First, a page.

Storage Solutions

Hydrogen, sunshine and round-the-clock sustainability

Flip on a switch any time of day or night, and fossil fuel-powered electricity will give you light. But solar power is not so predictable, since you can’t get energy when the sun is down or hidden behind dark clouds.

Enter “hydricity,” a new concept that uses solar energy to generate electricity but also produces and stores hydrogen from superheated water for round-the-clock power production. It’s a potential breakthrough solution for continuous and efficient power generation, says Rakesh Agrawal, the Winthrop E. Stone Distinguished Professor in the School of Chemical Engineering and a faculty adviser with the Energy Center.

"The concept provides an exciting opportunity to envision and create a sustainable economy to meet all the human needs including food, chemicals, transportation, heating and electricity," says Agrawal, who collaborated with Mohit Tawarmalani, Professor and the Allison and Nancy Schleicher Chair of Management in the Krannert School of Management and graduate student Emre Gencer.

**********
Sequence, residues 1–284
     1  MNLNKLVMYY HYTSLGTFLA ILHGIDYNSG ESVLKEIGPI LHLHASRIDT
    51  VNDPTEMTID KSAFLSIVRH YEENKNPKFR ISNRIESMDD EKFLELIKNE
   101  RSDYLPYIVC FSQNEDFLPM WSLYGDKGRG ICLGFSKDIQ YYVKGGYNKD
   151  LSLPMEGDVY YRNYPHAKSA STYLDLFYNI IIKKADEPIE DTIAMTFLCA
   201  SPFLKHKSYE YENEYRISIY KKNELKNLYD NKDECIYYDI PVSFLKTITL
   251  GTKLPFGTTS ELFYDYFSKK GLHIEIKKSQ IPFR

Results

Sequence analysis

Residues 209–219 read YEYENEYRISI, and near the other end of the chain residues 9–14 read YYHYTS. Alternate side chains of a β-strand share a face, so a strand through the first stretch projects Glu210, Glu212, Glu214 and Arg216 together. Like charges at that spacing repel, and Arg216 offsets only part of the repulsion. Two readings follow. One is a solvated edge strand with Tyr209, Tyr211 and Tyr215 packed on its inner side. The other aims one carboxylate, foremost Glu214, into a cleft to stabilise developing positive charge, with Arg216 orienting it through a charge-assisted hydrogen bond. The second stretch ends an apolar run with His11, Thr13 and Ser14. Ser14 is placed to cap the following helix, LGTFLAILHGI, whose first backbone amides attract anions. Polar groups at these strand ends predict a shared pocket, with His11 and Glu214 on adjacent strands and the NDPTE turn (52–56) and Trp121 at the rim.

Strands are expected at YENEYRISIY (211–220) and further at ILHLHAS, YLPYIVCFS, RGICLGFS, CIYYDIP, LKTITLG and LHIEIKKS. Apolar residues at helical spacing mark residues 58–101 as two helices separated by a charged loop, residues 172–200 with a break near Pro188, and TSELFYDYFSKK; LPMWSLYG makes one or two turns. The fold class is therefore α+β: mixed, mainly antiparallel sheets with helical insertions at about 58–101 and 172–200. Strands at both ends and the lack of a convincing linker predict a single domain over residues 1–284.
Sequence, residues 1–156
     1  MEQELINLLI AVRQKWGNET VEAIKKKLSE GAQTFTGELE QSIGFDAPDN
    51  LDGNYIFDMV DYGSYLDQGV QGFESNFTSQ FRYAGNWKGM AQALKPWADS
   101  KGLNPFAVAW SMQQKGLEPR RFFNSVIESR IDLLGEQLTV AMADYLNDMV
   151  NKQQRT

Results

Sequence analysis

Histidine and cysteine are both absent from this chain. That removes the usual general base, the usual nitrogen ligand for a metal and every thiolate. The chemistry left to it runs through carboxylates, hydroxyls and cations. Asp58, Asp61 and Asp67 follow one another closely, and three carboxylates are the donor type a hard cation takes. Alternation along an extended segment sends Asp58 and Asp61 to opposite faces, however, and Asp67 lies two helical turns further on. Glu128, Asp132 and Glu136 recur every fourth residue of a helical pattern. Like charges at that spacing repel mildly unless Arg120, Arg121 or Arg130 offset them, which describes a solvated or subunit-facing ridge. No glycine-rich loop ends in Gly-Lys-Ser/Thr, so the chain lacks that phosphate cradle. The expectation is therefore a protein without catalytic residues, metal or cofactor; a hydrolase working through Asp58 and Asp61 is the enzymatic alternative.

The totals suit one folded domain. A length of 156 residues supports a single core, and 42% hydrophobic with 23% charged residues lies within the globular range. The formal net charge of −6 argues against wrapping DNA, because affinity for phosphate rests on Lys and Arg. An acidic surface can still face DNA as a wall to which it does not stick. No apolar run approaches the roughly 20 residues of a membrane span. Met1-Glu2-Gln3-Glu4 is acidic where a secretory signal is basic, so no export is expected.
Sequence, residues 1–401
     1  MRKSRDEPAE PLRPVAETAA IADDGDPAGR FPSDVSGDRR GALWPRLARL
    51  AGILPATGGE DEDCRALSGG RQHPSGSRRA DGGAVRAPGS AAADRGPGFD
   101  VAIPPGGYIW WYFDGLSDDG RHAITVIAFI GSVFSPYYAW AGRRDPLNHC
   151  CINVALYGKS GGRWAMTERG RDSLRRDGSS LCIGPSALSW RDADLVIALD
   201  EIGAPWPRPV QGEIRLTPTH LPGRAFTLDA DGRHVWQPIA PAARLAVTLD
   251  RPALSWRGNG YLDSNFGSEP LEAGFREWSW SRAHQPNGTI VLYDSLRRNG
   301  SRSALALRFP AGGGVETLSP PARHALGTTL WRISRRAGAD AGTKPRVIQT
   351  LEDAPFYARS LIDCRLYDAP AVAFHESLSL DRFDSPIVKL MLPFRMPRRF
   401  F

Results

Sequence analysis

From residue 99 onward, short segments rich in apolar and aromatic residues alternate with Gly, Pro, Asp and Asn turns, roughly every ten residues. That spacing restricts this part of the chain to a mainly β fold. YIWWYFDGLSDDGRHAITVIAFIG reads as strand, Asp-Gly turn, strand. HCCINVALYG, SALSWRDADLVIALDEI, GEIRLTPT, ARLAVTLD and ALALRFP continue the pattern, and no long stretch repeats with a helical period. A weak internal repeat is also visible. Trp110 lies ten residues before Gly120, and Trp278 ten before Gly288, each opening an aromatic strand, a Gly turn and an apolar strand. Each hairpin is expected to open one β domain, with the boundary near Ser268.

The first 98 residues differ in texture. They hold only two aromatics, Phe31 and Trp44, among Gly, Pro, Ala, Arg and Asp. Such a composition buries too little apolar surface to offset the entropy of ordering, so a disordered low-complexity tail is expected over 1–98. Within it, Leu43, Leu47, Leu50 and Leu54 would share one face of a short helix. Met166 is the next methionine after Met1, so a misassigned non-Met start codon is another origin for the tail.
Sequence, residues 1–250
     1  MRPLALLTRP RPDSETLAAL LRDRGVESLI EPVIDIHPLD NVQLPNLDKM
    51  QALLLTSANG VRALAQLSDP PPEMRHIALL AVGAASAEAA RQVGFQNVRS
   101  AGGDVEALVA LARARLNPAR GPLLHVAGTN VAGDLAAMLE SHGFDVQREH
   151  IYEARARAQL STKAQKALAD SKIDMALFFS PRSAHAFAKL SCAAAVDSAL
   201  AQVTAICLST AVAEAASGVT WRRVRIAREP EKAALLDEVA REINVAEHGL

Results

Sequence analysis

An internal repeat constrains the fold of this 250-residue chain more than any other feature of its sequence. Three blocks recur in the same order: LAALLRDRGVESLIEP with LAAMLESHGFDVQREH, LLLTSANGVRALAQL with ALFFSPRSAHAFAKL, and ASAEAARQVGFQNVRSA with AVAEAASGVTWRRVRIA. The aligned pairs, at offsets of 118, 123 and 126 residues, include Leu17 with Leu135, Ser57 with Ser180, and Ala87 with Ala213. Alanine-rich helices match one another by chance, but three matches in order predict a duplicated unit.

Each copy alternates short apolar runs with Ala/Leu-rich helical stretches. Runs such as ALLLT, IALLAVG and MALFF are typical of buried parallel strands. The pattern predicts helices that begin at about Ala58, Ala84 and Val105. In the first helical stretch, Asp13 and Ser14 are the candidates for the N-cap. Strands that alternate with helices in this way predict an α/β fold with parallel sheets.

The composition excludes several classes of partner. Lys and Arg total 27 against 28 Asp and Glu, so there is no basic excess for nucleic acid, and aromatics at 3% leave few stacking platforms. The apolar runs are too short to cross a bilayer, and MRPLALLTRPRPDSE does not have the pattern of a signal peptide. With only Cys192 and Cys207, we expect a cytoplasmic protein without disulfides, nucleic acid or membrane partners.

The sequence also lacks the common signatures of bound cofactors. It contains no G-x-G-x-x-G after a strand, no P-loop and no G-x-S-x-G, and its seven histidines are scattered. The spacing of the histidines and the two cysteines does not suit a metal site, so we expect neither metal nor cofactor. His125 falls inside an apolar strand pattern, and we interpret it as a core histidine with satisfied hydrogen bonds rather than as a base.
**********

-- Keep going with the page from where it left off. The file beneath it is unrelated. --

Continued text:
Hydrogen can be combined with carbon from agricultural biomass to produce fuel, fertilizer and other products. "If you can borrow carbon from sustainably available biomass you can produce anything: electricity, chemicals, heating, food and fuel," he adds.

Hydricity uses solar concentrators to focus sunlight, producing high temperatures and superheating water to operate a series of electricity-generating steam turbines and reactors for splitting water into hydrogen and oxygen. The hydrogen would be stored for use overnight to superheat water and run the steam turbines, or it could be used for other applications, producing zero greenhouse-gas emissions.

In superheating, water is heated well beyond its boiling point – in this case from 1,000 to 1,300 degrees Celsius - producing high-temperature steam to run turbines and also to operate solar reactors to split the water into hydrogen and oxygen.

The research has been funded by the U.S. Department of Energy through the DOE's Center for Direct Catalytic Conversion of Biomass to Biofuels at Purdue's Discovery Park and through a "Solar Economy" project led by Agrawal under the National Science Foundation's Integrative Education and Research Traineeship Program.

- Emil Venere, Purdue News Service

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